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Making Logs Sexy Again: Can We Finally Lose The Regexes?
 

Making Logs Sexy Again: Can We Finally Lose The Regexes?

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Making Logs Sexy Again: Can We Finally Lose The Regexes?, presented at DeepSec 2008 in Vienna, Austria

Making Logs Sexy Again: Can We Finally Lose The Regexes?, presented at DeepSec 2008 in Vienna, Austria

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  • “ Will be high-level, but the subject is definitely pretty DEEP… so DeepSec” Making Logs Sexy Again: Can We Finally Lose The Regexes?   As I was talking to one conference organizer a few years ago and he complained that there hasn’t been anything new in the field of automated log analysis for many years and that we have not progressed much since regular expressions (regexes) were used for extracting bits of useful information from logs. This talk is intended to change that! It will go through a set of approaches to “log problem”: some completely new (text mining of logs), some borrowed from other fields (Bayesian methods for log analysis) and show how people can use them to solve practical problems using these new methods. Only real-world-tested analysis methods and only those that can be used by the audience will be shown (and, of course, only the “0technically cool” and novel ones!) Example questions that will be answered: are logs data or text? Which data mining methods works really well on logs (which is still simple enough to be used by the non-Ph.Ds)? Can you make sense of all the keywords and key phrases in logs? Does Bayes works for logs? Can you predict when the system will crash based on logs?

Making Logs Sexy Again: Can We Finally Lose The Regexes? Making Logs Sexy Again: Can We Finally Lose The Regexes? Presentation Transcript

  • Making Logs Sexy Again: Can We Finally Lose The Regexes? Dr. Anton Chuvakin
  • Agenda
      • What do we do with logs?
      • What’s wrong with logs?
        • Logging “Grand Challenges”
      • What has been tried to make It right?
      • What’s next?
    C O N F I D E N T I A L
  • Who is Anton?
    • Dr. Anton Chuvakin [ formerly ] from LogLogic “is probably the number one authority on system logging in the world ”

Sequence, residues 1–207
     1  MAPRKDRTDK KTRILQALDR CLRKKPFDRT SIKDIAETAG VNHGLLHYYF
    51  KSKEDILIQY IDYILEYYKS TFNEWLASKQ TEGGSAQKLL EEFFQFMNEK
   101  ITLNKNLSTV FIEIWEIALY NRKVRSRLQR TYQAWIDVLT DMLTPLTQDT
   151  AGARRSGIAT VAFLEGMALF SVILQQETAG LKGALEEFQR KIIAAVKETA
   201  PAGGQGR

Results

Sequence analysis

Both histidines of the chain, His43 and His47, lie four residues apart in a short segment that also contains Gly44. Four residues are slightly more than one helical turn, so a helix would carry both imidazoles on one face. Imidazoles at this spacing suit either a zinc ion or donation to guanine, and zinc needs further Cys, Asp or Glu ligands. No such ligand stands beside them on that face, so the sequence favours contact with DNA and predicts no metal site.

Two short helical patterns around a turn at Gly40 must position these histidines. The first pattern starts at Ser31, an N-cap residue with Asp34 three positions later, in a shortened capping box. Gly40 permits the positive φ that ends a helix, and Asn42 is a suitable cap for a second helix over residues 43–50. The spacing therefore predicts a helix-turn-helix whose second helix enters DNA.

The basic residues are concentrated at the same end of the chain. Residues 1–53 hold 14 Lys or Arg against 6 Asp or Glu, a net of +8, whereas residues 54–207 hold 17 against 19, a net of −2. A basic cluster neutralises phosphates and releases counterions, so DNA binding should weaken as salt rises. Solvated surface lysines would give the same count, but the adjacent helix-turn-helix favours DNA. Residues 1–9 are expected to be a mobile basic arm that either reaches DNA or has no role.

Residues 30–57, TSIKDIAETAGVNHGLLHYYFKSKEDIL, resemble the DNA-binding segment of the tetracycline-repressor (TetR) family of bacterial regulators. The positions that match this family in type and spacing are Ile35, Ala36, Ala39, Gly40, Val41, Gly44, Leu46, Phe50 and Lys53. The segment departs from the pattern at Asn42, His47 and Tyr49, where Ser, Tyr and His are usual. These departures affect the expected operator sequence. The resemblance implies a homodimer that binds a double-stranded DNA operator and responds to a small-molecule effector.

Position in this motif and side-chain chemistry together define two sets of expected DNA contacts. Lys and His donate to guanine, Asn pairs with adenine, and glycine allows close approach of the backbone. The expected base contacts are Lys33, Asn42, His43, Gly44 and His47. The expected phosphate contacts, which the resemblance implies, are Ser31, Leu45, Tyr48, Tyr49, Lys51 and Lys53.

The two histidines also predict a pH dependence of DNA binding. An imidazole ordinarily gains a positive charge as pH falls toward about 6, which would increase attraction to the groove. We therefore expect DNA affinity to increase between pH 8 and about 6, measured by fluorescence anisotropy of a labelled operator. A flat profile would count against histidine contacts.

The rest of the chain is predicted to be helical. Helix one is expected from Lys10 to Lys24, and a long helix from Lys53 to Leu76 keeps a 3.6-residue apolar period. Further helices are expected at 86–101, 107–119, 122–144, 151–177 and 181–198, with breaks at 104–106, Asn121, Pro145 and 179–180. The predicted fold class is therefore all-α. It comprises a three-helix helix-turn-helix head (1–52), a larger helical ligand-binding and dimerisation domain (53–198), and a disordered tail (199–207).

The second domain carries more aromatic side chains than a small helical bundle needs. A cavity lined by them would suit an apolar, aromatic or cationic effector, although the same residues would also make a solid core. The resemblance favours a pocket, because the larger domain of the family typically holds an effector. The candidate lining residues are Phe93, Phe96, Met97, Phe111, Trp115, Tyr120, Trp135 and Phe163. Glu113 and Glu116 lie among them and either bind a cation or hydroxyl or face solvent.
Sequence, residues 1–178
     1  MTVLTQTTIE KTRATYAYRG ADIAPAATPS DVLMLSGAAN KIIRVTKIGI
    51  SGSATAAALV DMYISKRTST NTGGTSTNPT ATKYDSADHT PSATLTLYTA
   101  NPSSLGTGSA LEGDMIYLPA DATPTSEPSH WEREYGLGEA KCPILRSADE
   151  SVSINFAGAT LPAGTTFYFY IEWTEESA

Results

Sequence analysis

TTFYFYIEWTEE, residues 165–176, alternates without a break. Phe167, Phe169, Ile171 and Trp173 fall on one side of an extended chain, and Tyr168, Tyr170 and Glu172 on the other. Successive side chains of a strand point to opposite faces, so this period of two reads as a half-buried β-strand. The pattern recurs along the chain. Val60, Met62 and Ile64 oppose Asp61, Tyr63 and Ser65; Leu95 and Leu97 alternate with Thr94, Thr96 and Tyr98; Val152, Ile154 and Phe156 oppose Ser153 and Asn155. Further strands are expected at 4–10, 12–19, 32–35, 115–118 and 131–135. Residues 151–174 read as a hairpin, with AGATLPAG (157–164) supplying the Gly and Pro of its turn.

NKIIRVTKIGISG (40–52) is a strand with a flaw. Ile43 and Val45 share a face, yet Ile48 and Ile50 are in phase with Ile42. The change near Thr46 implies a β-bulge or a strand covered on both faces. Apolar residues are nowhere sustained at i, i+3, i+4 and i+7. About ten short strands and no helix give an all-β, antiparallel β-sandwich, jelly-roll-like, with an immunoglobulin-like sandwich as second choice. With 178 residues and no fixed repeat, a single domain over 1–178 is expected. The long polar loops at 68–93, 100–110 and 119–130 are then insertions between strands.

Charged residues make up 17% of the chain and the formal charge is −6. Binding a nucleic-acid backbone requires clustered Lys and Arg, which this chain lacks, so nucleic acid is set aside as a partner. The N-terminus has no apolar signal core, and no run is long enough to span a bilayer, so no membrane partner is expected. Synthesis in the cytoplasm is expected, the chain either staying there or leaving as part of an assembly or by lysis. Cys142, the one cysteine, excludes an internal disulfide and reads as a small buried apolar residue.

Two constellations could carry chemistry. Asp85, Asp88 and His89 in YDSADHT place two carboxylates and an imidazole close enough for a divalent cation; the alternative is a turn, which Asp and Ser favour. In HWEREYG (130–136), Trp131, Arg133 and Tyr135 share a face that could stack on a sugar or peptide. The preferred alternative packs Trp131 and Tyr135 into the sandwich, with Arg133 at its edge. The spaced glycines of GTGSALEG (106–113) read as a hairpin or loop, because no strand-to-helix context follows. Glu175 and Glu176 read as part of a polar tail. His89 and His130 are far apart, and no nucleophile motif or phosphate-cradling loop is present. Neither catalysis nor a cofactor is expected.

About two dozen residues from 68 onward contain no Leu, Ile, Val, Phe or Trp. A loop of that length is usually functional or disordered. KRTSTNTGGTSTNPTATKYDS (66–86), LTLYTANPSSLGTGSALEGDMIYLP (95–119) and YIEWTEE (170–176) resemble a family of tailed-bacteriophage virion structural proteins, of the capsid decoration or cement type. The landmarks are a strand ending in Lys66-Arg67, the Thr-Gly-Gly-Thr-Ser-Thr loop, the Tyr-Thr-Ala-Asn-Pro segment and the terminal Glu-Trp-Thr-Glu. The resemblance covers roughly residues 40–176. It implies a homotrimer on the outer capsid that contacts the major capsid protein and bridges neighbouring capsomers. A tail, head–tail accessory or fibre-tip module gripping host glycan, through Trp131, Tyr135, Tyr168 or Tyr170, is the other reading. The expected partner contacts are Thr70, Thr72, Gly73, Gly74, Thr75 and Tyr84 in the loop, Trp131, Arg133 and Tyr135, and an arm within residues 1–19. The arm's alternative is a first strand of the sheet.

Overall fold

• SANS Institute (2008)
  • First: WTH is Logs?
    • I. A structured and timed audit trail of system, network activities?
    C O M P A N Y C O N F I D E N T I A L II. A huge messy pile of undocumented, unstructured or poorly structured “ stuff ” that might or might not mean anything – at all?
  • WTF?!!
    • %PIX|ASA-3-713185 Error: Username too long - connection aborted
    • ERROR: transport error 202: send failed: Success
    • userenv[error] 1030 RCI-CORPwsupx No description available
    • Aug 11 09:11:19 xx null pif ? exit! 0
  • Second: What Do We Do With Logs?
    • Ignore them
      • by far the #1 popular choice!
    • Collect them – and then ignore them
    • Collect them to show them to whoever wants them – and then nobody does 
    • Collect and look for “bad” stuff
    • Collect and parse them into a database – ignoring logs now costs more! 
    C O M P A N Y C O N F I D E N T I A L
    • Analysis?
    C O M P A N Y C O N F I D E N T I A L
  • Log Analysis Basics: Summary
    • Manual
    • Filtering
    • Summarization and reports
    • Log searching
    • Correlation
  • Log Analysis Basics: Manual
    • Manual log review
      • Just fire your trusty ‘tail’, ‘more’, “notepad”, ‘vi’, Event Viewer, etc and get to it! 
    • Pros:
        • Easy, not tools required (neither build nor buy)
    • Cons:
        • Try it with 10GB log file one day 
        • Boring as Hell! 
  • Log Analysis Basics: Filtering
    • Log Filtering
      • Just show me the bad stuff; here is the list (positive)
      • Just ignore the good stuff; here is the list (negative or “Artificial Ignorance”)
    • Pros:
      • Easy result interpretation: see->act
      • Many tools or write your own
    • Cons:
      • Patterns beyond single messages?
      • Neither good nor bad, but interesting?
  • Log Analysis Basics: Summary
    • Summarization and reports
      • Top X Users, Connections by IP,
    • Pros:
      • Dramatically reduces the size of data
      • Suitable for high-level reporting
    • Cons:
      • Loss of information by summarizing
      • Which report to pick for a task?
  • Log Analysis Basics: Search
    • Search across stored logs
    • User specifies a time period, log source(s), and an expression; gets back logs that match (regex or index keywords)
    • Pro
      • Easy to understand
      • Quick to do
    • Con
      • What do you search for?
      • A LOT of data back, sometimes
  • Log Analysis Basics: Correlation
    • Correlation
      • Rule-based and other “correlation” and “Correlation” algorithms
    • Pro
      • Promise of automated analysis
    • Con
      • Needs rules written by experts
      • Often, needs to be operated by experts too
      • Needs tuning for each site
    • Happy Now?
    • Most People Aren’t
    C O M P A N Y C O N F I D E N T I A L
  • Log Management “Grand Challenges?”
    • Given “the state of the art” of log analysis, major problems remain.